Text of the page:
It’s also interesting that so many mission organizations also have a “fear plan” by requiring missionaries to raise far more support than they actually need, because they fear that some supporters might stop supporting them, or fear that the missionary can’t survive in a foreign country without their Western conveniences, or fear that some unexpected crisis might come up, etc., etc., etc. The result is that these young men and women have to spend years trying to reach the unnecessarily high quota required by the organization and often give up!

    • Jake September 24, 2013 at 5:03 pm #

      I think there’s a lot of truth to that, Sharon. There’s certainly something to be said for determining the least amount of money necessary and fastest way to get it! Thanks for your comment and sharing this application of the principle.

      I would caution any who have these thoughts, though. I have very often found that those who find support-raising most distasteful are those who are those who are most afraid to do it. (I know because I was one of them – ha) The truth is, there are some things we fear because they’re totally out of our control – such as what might happen to the exchange rate when we live in the field, or whether or not there will be financial ruin in my home country while I’m gone. You’re very right in insisting that we reject those plans that are based on these fears. But there are other things that we fear almost entirely because they are largely in our realm of control! I was afraid of raising missionary support because I didn’t know how to do it, I couldn’t imagine how it could happen, and I was overwhelmed by the size of the task. But the thing to remember is, it would be unwise to shirk away from support-raising because of fear, too! Any decision with fear as its underlying motivation is unlikely to serve us well, regardless of what we’re afraid of.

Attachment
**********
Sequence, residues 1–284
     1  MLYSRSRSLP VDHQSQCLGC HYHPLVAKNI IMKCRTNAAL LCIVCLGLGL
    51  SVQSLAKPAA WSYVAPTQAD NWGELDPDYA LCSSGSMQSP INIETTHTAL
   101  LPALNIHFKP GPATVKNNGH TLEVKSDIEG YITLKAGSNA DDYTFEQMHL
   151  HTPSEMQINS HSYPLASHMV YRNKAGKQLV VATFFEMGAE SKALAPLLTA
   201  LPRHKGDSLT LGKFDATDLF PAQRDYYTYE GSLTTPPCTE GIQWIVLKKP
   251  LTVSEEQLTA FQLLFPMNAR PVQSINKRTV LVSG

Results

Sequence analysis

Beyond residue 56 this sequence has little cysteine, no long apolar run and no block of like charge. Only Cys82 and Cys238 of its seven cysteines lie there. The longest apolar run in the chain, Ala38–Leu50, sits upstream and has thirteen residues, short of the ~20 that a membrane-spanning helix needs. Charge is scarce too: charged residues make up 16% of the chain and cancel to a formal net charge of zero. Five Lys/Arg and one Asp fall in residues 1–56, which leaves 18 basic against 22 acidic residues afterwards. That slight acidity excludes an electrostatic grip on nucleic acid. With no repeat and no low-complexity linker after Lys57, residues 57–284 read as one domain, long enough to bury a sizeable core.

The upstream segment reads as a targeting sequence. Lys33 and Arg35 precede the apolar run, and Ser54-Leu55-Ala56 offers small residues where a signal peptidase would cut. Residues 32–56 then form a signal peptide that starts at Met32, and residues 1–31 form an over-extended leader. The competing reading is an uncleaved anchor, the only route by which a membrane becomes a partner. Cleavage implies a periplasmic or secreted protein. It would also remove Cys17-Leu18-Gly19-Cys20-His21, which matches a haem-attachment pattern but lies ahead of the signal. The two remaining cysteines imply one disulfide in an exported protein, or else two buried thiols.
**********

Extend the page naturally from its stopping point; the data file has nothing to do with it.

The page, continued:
But I certainly agree with your point, Sharon. Many organizations have not worked hard enough to cut out the excess. Thanks again for your comment!